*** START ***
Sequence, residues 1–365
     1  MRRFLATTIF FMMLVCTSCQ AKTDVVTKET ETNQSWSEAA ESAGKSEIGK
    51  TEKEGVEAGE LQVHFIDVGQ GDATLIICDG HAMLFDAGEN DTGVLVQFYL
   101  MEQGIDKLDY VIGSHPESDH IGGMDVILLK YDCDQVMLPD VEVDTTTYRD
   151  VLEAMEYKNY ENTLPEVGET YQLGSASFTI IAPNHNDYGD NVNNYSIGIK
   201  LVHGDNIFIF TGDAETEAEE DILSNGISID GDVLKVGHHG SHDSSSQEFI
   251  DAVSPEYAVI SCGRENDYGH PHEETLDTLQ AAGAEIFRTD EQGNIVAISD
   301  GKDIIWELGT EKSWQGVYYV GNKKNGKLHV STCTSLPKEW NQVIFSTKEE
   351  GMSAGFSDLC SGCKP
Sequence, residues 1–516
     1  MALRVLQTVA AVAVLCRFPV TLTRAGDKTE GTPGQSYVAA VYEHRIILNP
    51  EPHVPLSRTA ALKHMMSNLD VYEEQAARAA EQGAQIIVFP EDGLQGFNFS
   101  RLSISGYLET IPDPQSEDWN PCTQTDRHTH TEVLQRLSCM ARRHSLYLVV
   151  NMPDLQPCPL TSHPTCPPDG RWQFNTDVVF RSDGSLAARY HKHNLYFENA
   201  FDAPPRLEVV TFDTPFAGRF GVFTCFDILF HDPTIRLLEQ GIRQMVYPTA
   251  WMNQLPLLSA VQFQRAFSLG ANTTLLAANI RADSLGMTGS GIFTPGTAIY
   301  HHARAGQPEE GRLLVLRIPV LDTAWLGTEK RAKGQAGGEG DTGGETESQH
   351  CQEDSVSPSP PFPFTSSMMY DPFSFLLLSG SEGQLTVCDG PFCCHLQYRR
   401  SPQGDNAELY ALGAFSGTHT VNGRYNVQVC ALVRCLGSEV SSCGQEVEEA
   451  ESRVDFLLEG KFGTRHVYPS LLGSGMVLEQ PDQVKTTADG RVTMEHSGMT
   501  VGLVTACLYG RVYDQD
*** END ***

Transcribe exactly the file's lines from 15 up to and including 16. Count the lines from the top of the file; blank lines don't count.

   201  FDAPPRLEVV TFDTPFAGRF GVFTCFDILF HDPTIRLLEQ GIRQMVYPTA
   251  WMNQLPLLSA VQFQRAFSLG ANTTLLAANI RADSLGMTGS GIFTPGTAIY